The California Department of Public Health has reported a cluster of hantavirus pulmonary syndrome (HPS) infections involving four visitors toYosemiteNational Park. Three of the cases have been confirmed as HPS, two of whom have died and the fourth case awaits confirmation. All of these patients stayed in 'Signature Tent Cabins' atCurryVillagefrom mid-June through to the end of August. Anyone who stayed in the Park are advised to seek immediate medical attention if they exhibit any symptoms of the disease, notably respiratory difficulty.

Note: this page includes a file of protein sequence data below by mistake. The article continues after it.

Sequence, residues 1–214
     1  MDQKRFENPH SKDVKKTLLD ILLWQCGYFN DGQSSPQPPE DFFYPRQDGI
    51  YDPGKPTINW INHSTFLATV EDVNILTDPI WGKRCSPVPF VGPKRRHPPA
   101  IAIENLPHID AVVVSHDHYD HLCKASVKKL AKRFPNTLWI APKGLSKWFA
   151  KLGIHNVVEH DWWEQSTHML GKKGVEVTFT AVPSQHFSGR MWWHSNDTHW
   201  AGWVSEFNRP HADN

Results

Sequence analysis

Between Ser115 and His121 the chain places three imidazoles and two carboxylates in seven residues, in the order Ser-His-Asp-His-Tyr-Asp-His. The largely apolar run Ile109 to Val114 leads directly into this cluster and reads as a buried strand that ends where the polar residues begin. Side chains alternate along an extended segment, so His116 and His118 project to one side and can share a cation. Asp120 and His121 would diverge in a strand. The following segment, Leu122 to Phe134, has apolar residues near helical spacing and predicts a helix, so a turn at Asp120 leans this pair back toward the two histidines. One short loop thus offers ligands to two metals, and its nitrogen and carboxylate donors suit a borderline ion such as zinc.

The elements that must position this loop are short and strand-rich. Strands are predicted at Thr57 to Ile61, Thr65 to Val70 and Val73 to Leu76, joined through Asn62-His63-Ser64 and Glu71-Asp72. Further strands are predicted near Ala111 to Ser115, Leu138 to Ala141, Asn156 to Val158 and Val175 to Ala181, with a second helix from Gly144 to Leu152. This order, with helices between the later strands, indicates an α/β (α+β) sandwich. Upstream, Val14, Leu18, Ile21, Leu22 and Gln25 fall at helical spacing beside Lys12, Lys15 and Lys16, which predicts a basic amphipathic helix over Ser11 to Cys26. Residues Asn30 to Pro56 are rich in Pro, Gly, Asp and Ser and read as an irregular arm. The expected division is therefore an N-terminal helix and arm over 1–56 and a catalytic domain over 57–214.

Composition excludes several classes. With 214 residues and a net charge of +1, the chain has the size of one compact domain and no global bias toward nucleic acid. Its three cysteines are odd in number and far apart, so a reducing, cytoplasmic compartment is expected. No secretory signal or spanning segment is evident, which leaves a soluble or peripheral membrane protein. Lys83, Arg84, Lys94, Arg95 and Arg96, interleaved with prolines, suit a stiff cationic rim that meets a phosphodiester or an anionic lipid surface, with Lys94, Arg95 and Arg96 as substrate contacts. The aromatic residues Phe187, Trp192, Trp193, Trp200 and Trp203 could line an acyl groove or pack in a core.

Hantavirus infection is normally considered a low risk for travellers. It is contracted through contact infected wild mice, primarily deer mice. Breathing small particles of mouse urine or droppings that have been stirred up into the air is the most common means of acquiring infection. The illness starts one to six weeks after exposure with fever, headache, and muscle ache, and progresses rapidly to severe difficulty in breathing and, in some cases, death.
A similar virus conveyed by rodents occurs in South America and a related virus inAsiahas been implicated as a cause of kidney disease.